On Zoom conferences and phone calls, Surrey’s Sophie Labrie helped create a play that follows six youth who face the effects of isolation and mental health struggles.
It’s called Breakwater, and the timely topic was developed months before the COVID-19 pandemic.
Some Assembly Theatre Company’s new “digital play” debuts Wednesday, June 30, with two additional by-donation broadcasts July 8 and 11.
Labrie, an alum of the offshoot RHYTAG (Roundhouse Youth Theatre Action Group), composed and performed music for Breakwater, and was a mentor for the youth musicians involved in the project.
She’s been involved with Some Assembly since age 14, as a writer, actor, musician, design assistant, facilitator and production assistant. Labrie attended the Sarah McLachlan School of Music, and graduated from Vancouver Academy of Dramatic Arts with a focus on film and television acting.
“With RHYTAG, it’s just something that has become special to me,” Labrie told the Now-Leader. “It’s been such a constant in my life since I was such a young person who didn’t know anything, didn’t know what I liked, didn’t know who I was, didn’t know I could act or sing – it was before any of those things that I first found RHYTAG through the alternative school system and counsellors.”
In recent months Breakwater was filmed at Vancouver’s Roundhouse Community Arts & Recreation Centre with physical distancing and mask-wearing cast and crew.
The original plan was to stage the play for a live audience, but the pandemic killed those plans and adjusted others.
“It is disappointing because theatre is such an amazing art form because it’s live,” said Valerie Methot, writer and director. “It’s the relationship between the live audience and the live performers that makes it magical.
“That being said,” she added, “I knew from the beginning of the project that we were going to be filming this play, so that allowed us to take liberties we wouldn’t be able to take if we were doing a live show. For example, our set design is highly complex, a two-level apartment building. We have other set locations as well, and in a live show we wouldn’t have time to do these set changes. Another plus side about doing this virtually is we can reach out to a global audience, which is fantastic, especially since the subject matter is taking care of our mental health and taking care of each other.”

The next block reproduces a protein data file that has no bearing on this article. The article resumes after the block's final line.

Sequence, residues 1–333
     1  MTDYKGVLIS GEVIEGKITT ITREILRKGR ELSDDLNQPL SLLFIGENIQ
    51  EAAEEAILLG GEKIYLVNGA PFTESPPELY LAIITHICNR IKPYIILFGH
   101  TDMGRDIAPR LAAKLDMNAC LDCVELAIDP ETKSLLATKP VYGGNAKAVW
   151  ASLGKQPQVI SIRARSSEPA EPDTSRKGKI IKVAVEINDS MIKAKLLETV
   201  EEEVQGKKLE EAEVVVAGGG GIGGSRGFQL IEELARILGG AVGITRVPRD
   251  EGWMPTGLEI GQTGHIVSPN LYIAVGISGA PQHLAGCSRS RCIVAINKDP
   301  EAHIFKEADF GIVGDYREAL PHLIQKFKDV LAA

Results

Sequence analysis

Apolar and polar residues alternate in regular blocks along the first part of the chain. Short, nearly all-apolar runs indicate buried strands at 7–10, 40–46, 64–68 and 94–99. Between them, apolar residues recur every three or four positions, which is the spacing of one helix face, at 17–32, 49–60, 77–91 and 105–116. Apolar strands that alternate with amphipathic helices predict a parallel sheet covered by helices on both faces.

A global flood is the root of problems in Breakwater, the latest in a series of youth-focused plays produced by Methot and Some Assembly over the past two decades.
Labrie’s long history with the company gives Methot joy.
“I have goosebumps thinking about the first time I met Sophie,” she said, “and it’s been a real honour working with her for all these years – I think it’s been 10 years. To witness the growth and artistic development in Sophie has been just absolutely inspiring. To be part of how Sophie now inspires young youth is just absolutely incredible. She shares her experience with such ease, and has a real understanding of how to successfully inspire young youth to express themselves, which is a challenging thing to do.”
Grateful for the opportunity, Labrie said it’s hard for her to imagine a future where she’s not part of the Some Assembly/RHYTAG project in some capacity, “because it adds so much to my life and it has these very important ripple effects that I can see myself.”
She’s now planning to record her own songs and pursue a career in music.
“I have a bunch of songs that are written but not professionally recorded yet,” Labrie explained. “That’s the next step and hopefully put an album together and have some music videos and, you know, learn how to get funding for those things and learn how to be my own boss, in a sense, to promote myself and have confidence in what I do. And RHYTAG has definitely helped with that.”